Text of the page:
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ARTICLE | CAN I USE A COMMON OBJECT TO DEFEND MYSELF? | by Orjan Pettersen

Updated: Oct 20, 2022

Although the answer to this question for many people will be an unequivocal 'Yes', the question carries a range of nuances that will be important to anyone asking it.


When carrying a common object intended for self defence, in many legal jurisdictions, the UK included, the legality of use is defined by the intended and relevant application of the object as stated to the authorities, if challenged or questioned.


Carrying an everyday item such as a tactical pen, a tactical torch or a spray can is legally acceptable - AS LONG AS the declared purpose and potential usage of the item appears reasonable and relevant.


For example, giving a reason that a tactical pen is carried by you to be used to defend yourself if attacked makes the item an offensive weapon in law and carrying it actually becomes illegal.


However, explaining that you have it on you because you anticipate to use it practically, such as together with a notebook or that you actually use it regularly in your daily work, makes it permissible if you rely on it as a reasonable force tool in a violent confrontation. You simply carried it as it's your every day habit to do so.


A tactical torch in your car or on your walk on a dark night, such as with your dog, is purposefully useful if you or someone else has a vehicle breakdown or to clear the business from your pet and can be explained, post-incident, as a reasonable item to have at hand.


The similar principle applies to common objects as self defence tools you plan to use in any intruder scenarios, such as within your home.


If you hit an intruder with the heavy metal lamp on your night table, it might be ok (if genuine fear for your safety was present and reasonable force was applied) but if your explanation to the police on their arrival is that the lamp was intentionally and strategically placed there to be used to strike potential intruders with, you’re now in potential legal trouble.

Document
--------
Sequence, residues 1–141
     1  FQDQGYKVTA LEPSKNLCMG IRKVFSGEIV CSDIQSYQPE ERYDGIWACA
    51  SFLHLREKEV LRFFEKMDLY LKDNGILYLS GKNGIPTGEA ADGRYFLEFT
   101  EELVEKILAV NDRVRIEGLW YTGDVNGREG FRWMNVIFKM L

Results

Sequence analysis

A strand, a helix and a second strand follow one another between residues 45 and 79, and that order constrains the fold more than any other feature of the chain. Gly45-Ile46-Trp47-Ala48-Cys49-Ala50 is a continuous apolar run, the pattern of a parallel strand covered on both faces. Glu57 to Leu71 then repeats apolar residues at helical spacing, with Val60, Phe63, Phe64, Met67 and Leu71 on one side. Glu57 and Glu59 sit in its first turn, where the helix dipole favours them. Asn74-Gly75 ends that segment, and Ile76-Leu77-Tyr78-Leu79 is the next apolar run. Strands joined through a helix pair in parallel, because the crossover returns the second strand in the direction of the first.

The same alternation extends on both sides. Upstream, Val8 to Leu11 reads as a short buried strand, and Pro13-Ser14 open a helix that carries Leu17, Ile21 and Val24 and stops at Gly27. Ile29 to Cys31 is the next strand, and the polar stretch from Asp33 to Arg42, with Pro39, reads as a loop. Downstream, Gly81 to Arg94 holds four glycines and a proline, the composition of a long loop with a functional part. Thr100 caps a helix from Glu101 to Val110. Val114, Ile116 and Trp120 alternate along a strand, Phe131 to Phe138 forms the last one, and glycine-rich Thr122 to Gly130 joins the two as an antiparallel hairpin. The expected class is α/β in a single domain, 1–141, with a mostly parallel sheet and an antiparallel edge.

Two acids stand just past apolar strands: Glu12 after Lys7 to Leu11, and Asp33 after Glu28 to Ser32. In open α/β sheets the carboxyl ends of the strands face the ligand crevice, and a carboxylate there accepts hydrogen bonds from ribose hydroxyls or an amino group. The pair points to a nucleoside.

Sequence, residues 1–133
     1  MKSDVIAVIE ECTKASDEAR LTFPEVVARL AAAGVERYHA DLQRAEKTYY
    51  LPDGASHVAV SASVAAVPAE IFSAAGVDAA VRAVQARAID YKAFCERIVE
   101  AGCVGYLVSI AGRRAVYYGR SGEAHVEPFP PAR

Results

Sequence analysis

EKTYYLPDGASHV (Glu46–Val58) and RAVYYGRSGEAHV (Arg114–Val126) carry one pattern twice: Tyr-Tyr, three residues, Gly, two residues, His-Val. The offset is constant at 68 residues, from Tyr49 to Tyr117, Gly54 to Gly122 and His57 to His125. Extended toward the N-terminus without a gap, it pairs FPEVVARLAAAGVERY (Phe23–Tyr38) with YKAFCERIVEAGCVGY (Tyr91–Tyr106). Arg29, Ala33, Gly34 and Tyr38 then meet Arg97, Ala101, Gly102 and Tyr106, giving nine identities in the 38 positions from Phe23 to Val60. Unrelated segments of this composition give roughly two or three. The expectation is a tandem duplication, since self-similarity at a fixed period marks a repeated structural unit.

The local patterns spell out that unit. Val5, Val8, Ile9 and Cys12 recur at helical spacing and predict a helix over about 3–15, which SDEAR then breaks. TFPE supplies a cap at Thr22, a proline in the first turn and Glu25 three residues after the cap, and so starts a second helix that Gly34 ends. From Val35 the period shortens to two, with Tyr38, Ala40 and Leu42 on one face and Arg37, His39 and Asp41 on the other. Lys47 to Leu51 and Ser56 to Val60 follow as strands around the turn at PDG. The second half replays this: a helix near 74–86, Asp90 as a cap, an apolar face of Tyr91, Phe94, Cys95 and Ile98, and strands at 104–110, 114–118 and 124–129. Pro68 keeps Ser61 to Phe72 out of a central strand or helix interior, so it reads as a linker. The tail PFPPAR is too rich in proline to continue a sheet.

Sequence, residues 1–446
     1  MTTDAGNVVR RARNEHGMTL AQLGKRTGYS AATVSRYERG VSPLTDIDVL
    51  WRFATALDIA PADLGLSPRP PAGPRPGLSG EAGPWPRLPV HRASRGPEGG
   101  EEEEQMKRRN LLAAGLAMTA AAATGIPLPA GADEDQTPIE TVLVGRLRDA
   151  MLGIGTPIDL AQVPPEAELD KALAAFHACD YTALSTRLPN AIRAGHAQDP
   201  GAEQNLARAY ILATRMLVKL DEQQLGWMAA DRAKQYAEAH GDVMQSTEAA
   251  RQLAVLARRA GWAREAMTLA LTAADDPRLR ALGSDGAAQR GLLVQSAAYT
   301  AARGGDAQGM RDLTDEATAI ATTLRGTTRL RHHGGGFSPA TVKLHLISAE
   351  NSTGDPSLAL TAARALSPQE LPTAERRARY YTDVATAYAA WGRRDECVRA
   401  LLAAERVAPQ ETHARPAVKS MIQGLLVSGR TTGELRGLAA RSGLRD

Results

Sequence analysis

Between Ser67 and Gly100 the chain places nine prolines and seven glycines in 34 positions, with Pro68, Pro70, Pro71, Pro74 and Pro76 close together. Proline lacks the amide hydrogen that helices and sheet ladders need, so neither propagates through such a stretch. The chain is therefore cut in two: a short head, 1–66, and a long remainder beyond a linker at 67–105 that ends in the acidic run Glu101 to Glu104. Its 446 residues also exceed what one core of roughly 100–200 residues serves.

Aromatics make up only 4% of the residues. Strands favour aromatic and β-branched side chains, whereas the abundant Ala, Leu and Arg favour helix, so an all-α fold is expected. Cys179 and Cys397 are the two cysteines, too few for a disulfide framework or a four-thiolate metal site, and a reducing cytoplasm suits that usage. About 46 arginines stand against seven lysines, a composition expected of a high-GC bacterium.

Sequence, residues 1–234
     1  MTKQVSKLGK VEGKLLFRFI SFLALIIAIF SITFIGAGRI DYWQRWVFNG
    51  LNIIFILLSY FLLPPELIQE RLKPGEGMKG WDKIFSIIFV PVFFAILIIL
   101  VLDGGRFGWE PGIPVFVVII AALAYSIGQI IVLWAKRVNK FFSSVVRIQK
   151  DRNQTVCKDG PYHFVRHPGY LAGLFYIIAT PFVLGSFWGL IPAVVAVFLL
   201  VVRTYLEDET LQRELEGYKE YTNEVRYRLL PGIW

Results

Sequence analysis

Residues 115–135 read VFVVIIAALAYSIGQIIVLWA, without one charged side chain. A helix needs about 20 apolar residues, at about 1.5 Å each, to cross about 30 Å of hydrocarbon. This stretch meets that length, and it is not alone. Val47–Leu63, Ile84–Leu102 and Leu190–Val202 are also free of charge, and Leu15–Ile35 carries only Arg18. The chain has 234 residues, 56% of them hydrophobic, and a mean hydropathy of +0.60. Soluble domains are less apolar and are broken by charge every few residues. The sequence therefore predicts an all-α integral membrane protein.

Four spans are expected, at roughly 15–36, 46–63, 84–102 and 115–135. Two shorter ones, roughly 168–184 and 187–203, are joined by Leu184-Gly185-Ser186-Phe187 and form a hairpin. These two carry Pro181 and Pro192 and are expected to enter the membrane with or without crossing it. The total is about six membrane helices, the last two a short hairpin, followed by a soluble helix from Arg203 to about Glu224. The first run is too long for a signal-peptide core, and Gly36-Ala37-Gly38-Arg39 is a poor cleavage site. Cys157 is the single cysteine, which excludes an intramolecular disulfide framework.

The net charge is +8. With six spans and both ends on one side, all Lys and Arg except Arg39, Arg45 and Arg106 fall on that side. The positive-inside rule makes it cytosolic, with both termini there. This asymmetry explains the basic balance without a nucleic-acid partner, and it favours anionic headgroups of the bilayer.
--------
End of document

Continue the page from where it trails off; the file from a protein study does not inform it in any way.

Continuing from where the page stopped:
The same applies to a base ball bat under your bed or a knife on top of your drawer. They must have a purpose of being there, such as being stored there with the rest of your baseball equipment or the knife is left on a plate next to the orange you were eating to slice it up with.


The point of this post is this: As a self defence practitioner, take advantage of common objects as self defence tools but invest thought in how you make these relevant to your daily activities and be clear on how you would appropriately and reasonably position their existence to the authorities, if questioned.


You should have this explanation clear. Even better, make sure that others, such as your family or friends are aware of their ‘every day’ use, so they can later testify on your behalf to validate your ‘genuine’ reason for carrying or keeping them.


Carry a tactical pen? Make it your work pen, freely seen by all. Carry a tactical torch? It’s on your belt for walking the dog at night, making sure you are a friendly neighbourhood ‘poo scooper’. Whatever you carry, have the back story ready.


Finally, of course, make sure you receive training on how to use your self defence tools of choice, making you ready and prepared if you ever had to use them.

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